by Glenda B. Gutierrez
Justine D. Laquindanum, 17, comes from a broken family. Her parents separated when she was in Grade 5. Her father, Nicolas, a carpenter, settled with another woman with whom he had other children. Justine has never met her siblings.
Her mother, Rowena, on the other hand, is an overseas Filipino worker (OFW) in Oman. Justine has not seen her mother as often as she wanted because the latter rarely comes home. The airplane fare are too prohibitive and her mother’s employers would not allow her to come back to the Philippines on a regular basis.
Despite the distance, Justine is close to her mother. They regularly talk through phone or the internet.
Due to lack of parental presence and nurture, Justine rebelled. She allowed her peers to influence her and her lifestyle. She lost motivation to attend school and eventually stopped studying altogether. She would say that she simply got lazy.
Although she thought of going back to her formal schooling, there was a price to pay. The high school of her choice does not accept fourth year transferees.
Then, she learned about the Alternative Learning System (ALS) Program of the Kapatiran-Kaunlaran Foundation Inc. (KKFI) from a friend who was enrolled in the first batch at the St. Peter United Methodist Church (UMC).
But first, she knew she needed to correct some bad habits she has accumulated through those easy-go-lucky years. One of them—indeed, the hardest to break—is the habit of laziness. I seemed it has been set in her system so firmly, it would be a herculean task to undo it.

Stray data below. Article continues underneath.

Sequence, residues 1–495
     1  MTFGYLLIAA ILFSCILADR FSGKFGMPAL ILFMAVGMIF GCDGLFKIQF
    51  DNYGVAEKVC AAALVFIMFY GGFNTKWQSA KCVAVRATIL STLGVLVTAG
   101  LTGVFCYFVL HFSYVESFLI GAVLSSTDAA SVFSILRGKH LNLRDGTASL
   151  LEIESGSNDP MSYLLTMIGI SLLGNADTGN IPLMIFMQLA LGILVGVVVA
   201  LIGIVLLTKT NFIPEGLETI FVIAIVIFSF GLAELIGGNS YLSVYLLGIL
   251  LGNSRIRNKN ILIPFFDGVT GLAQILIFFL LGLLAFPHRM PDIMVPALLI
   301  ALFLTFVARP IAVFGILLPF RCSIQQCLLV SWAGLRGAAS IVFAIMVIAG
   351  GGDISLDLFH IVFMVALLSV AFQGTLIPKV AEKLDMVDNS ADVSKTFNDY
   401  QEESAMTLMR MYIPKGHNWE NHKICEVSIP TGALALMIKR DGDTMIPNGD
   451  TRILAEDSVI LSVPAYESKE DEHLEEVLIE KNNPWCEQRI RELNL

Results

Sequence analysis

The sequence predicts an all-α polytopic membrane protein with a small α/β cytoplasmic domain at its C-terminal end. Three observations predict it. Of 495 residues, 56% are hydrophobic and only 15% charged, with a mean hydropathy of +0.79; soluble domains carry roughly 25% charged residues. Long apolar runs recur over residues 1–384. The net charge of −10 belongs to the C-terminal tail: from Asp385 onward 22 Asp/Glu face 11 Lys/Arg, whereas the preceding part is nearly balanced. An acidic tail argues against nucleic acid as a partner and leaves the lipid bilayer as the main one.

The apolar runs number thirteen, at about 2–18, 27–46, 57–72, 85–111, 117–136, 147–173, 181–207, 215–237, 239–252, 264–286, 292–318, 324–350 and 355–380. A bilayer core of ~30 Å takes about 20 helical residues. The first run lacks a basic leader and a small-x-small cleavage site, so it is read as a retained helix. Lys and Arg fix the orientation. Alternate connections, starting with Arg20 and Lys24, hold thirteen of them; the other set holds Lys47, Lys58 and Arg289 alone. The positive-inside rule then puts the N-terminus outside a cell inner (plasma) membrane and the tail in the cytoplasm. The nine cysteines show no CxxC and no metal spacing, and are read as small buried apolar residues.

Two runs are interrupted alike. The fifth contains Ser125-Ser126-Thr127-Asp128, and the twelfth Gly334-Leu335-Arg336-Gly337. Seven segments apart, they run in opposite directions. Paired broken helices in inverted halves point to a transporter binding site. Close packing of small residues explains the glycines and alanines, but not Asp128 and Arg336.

So she forced herself to attend ALS classes and tried to read one or two modules a day. There were times when she felt discouraged, thinking all her efforts would come to naught if she failed to pass the Accreditation and Equivalency (A&E) examination.
But she continued to dream and pray. Yes, she prayed every day and read the ALS modules.
When asked about her inspiration to continue her studies, she answered, “Ang pamilya ko at ang pangarap ko na balang araw mapauwi ko na dito ang mama ko at ako naman ang magtratrabaho para sa kanya.” (My family and my dream to be with my mother. I want her to come home so I can be the one who will work and earn for her.)
She was overjoyed upon learning she passed the A&E exam saying, “Masayang masaya ako dahil sa wakas unti-unti ko nang magagawa ang aking pangarap.” (I am very happy because I am slowly but surely achieving my dreams.)
Indeed, with prayers and determination, Justine is, piece by piece, starting to complete the brokenness that her family suffered before. She is determined to leave all the negative things behind and focus on her brighter future.